It is this Murshidah which one of the Banu 'Asakir or another scholar from Shâm presented to the Sultan of the Banu Ayyub, i.e. the ruling family of Salah al-Din, rahimahullah and may Allah forgive him and us. This Sultan proscribed upon all people - so al-Maqrizi reports - this creed upon the inhabitants of Shâm, may Allah clean it and protect it from all deviant doctrines! These promoters of this creed called al-Murshida (The Rightly Guided) - which one of the Banu Qudamah (I don't know his name anymore: Diya al-Din or Muwaffaq al-Din? Maybe brother Abuz Zubair can inform us?) called al-Mudillah (The Misguided) and said that the sack of al-Quds and the killing of all inhabitants in the time of the Crusades is a consequence of the reading out of this Murshida from the minarets as ordered by the Sultan!!!!!!!!!!!!! - is in fact authored by a Dajjal, and Habashish of today promote it and translate it contents! Ya Rabb!

    So the spread of Ash'arism and their growth is something relative; they were not the majority since al-Ash'ari's time or even before Ibn Tumart. In fact, what is stated above proves without doubt that most of the Malikites in the West never heard of this 'creed' of the Ash'arite sect untill it was spread by Ibn Tumart and the 'Muwahhidun'. Later, when scholars travelled more and more between Egypt/Shâm and the West - new input was given by Qadi Abu Bakr b. al-'Arabi (who also studied at the same time as Ibn Tumart in al-Quds and who certainly met al-Ghazzali and accused him of Falsafah-doctrines!) and those who came after him.. wa-Allahu Musta'an.

    And in the time of Ibn Taymiyyah and before him:i.e. from 550 untill 700 the claim that Ash'arims was thé 'Aqidah of the Ahl al-Sunnah was spread more and more. Many Malikites became as a consequence of that Ash'arites or - having no good knowledge about this deviant creed - sympathized cause they knew not better - again: Wallahu Musta'an!

    For those who want to know the correct creed of Imam Malik and his major followers from amongst the Imams - refer to al-Qâ'idah al-Marrakshiyyah which can be accessed online.

    As for the Hanafis - well - one can be much easier in that. None or almost no one was an Ash'arite from amongs the Hanafites since the time of al-Ash'ari untill Ibn Taymiyyah and even thereafter for many years. Either they were Ahl al-Sunnah, such as most the students of the Imam Abu Hanifah and some prominents later scholars, or they were from the Ahl al-Kalam: Mu'tazilites, Najjarites, Karramites or Maturidites. A man like al-Kawthari - who made tarjih of the Maturidiyyah over the Ash'ariyyah (and was not Ash'arite - even though he sympathised and approved immensly with all that they have to say) - said somewhere that only a few Hanafites were Ash'arites in history.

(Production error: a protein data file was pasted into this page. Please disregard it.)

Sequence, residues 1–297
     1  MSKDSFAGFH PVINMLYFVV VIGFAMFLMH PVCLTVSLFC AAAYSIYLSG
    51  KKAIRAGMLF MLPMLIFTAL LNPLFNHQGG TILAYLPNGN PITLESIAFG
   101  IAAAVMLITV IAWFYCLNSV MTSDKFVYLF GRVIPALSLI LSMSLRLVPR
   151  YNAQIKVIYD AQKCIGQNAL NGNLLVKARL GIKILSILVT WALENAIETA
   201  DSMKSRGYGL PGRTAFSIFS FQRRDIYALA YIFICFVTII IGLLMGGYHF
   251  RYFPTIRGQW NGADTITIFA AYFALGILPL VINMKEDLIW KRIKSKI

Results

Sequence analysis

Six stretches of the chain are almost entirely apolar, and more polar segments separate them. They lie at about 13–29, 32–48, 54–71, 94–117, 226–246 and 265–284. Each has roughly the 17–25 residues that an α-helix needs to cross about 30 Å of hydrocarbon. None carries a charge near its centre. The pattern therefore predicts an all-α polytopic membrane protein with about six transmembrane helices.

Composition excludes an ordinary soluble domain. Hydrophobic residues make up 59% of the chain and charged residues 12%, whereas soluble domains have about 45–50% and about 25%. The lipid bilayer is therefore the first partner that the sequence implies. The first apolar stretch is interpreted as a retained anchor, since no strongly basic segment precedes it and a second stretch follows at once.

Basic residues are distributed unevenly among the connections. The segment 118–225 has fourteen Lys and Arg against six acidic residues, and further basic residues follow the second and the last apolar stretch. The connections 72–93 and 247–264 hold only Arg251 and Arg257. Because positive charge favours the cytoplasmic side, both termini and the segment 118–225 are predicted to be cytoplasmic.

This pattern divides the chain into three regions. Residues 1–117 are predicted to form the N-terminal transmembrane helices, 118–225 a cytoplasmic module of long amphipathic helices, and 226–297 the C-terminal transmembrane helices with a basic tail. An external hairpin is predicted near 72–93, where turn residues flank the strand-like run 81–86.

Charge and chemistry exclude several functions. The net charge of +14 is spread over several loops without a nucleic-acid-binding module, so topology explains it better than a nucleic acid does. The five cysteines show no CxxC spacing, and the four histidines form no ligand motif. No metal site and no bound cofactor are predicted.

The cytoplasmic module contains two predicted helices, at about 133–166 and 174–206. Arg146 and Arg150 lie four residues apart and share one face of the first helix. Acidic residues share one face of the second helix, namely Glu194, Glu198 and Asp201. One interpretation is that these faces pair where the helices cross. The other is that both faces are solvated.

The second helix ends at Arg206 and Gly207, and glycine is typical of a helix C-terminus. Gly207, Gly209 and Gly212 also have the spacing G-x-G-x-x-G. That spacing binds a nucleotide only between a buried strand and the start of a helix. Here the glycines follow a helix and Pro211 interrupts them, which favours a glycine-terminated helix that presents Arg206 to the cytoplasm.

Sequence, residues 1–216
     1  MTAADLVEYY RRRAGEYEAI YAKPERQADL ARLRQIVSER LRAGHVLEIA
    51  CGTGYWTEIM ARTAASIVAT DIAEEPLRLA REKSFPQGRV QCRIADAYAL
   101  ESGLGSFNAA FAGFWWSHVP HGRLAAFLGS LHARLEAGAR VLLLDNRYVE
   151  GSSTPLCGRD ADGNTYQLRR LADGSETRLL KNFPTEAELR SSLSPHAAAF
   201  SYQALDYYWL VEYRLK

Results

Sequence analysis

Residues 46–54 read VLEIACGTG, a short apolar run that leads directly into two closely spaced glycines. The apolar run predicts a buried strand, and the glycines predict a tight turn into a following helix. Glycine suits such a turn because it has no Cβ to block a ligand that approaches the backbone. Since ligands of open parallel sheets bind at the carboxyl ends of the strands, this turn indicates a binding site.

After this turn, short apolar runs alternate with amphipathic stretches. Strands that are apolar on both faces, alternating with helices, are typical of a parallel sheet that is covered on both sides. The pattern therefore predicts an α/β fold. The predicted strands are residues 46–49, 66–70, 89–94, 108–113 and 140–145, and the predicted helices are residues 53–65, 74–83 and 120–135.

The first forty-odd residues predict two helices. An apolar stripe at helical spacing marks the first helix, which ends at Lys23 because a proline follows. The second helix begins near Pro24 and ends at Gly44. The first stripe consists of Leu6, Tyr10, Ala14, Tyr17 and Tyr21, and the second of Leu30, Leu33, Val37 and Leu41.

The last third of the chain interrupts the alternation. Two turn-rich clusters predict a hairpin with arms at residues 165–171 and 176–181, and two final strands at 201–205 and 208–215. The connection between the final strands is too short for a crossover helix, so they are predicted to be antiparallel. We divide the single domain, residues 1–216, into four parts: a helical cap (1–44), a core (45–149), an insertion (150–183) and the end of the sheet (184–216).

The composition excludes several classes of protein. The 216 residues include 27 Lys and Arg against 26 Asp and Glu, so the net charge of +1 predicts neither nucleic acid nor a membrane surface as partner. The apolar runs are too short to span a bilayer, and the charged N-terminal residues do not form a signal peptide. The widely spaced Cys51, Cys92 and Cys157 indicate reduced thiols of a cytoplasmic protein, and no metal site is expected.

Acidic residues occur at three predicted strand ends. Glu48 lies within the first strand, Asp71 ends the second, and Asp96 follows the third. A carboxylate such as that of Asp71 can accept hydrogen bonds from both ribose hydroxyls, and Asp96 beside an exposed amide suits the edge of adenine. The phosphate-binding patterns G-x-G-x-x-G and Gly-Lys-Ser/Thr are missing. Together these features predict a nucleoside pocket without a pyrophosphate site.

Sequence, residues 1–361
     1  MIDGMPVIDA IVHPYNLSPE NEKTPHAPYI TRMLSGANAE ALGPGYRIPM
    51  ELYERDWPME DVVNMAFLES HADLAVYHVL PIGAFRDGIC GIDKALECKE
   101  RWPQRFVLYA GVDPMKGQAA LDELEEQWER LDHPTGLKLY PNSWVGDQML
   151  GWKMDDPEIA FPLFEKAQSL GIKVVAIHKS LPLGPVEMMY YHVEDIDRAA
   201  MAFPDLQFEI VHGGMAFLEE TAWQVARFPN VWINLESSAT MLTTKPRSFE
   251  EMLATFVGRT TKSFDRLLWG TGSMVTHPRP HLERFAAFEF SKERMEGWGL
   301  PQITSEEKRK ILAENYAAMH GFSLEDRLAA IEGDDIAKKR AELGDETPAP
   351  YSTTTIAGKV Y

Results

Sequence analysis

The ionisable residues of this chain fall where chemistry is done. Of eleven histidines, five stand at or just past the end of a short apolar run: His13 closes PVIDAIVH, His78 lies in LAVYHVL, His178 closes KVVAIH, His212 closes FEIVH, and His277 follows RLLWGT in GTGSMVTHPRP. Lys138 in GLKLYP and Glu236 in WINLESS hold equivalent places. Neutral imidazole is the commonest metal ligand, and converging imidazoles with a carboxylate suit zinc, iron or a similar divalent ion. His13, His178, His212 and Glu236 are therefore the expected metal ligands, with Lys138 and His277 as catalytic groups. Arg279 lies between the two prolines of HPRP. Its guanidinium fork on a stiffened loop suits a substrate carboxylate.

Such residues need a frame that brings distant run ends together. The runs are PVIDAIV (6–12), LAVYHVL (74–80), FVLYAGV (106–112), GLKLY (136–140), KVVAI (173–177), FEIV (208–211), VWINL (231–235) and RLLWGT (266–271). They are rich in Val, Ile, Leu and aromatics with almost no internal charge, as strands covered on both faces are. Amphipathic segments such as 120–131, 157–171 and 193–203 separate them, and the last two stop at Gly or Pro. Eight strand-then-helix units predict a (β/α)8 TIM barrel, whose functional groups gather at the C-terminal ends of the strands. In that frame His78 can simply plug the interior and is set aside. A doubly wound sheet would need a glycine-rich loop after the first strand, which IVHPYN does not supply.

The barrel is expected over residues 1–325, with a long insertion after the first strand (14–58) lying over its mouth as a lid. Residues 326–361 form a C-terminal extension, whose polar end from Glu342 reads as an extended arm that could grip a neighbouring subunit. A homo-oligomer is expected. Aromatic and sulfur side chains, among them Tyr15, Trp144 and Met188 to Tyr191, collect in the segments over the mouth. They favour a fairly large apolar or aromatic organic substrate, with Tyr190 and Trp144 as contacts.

A time-table for Maturidism is not so easy as it is the case with Ash'arism, since the former was a regional sect while the latter spread muslimworld-wide. You can not find Maturidites in the history of Islam west of Egypt (before the 8th century Hijrah); this undisputed fact says much about the orthodoxy of Maturidism as a Manhaj in 'Aqidah.

    All Hanafites who lived west from Khurasan/Fars before Abu Mu'in al-Nasafi were in all probability not Maturidites: either they were Karramtites - as many of them settled in al-Quds and environment and communities of them lived in the mountain territories of East-Turkey and Azerbeidjan - or they were Mu'tazilites - as still a lot of them were followers of I'tizal in Baghdad, Kufah, Basra and elsewhere (and may Ifriqiyah at a later stadium) - or they were Sunnites (and they were everywhere). This is the rough picture of Hanafism from the time of al-Maturidi untill the end of the fifth century/beginning sixth century.

    The real spread of Maturidism in Khurasan/Fars/Sijistan etc. was simply because some ruler favoured a group above another. Thus, when the Mu'tazilah fell out of grace and the Mu'tazilite Wazir got killed in the time of the Ghaznides, also the Mu'tazilites and their likes were persecuted and rejected; the same counted for other groups. And when a pro-Ash'arite Wazir (Nizam al-Mulk) ruled under the favour of a Sultan he supported the Ash'arites. Similarly, when Maturidism spread and became popular in certain circles it is mostly because of the same reason: some local authority preferred them or their leading scholars above others. Dynasties such as the Samanides etc. would have probably favoured this Madhhab intentionally or unintentionally.

    The Hanafites became 'all' Maturidites when certain Maturidite Hanafites from the east fled to the west - because of the upcoming Turks and later the Mongols. So when Samarqand, Nishapur, Tus etc. were plundered (in the 5/11th, 6/12th centuries) many scholars were killed: Sunnites who inhabited these major centres of learning got killed, Ash'arite Shafi'ites were also killed or fled, and the Karramites were even annihilated (except those who settled elsewhere in al-Quds, as said earlier). There are so many Hanafites (who took with them in all probability their Maturidism) who fled Khurasan and settled in Shâm and Egypt - but they were a marginal group untill the 8th century.

    There were no significant Hanafites in between 500 and 700 Hijra in the Levant. This is can also be known by the scarce criticism it got from Ibn Taymiyyah and his likes - who fought every deviation in creed. He did however write a commentary of al-Ghaznawi's Usul al-Din and he wrote Fatawa on al-Maturidi and the beliefs of Imam Abu Hanifah etc. but no significant presence of scholars or works was there in this period. And those Hanafites that were present - for a much longer time than the new-comers such as Safi al-Din al-Hindi (the Hanafite Ash'arite (!) who encountered Ibn Taymiyyah at the trial of al-Wasitiyyah) who did not advocate Maturidism or anything alike, they were: Mu'tazilites, Ash'arites or Sunnites.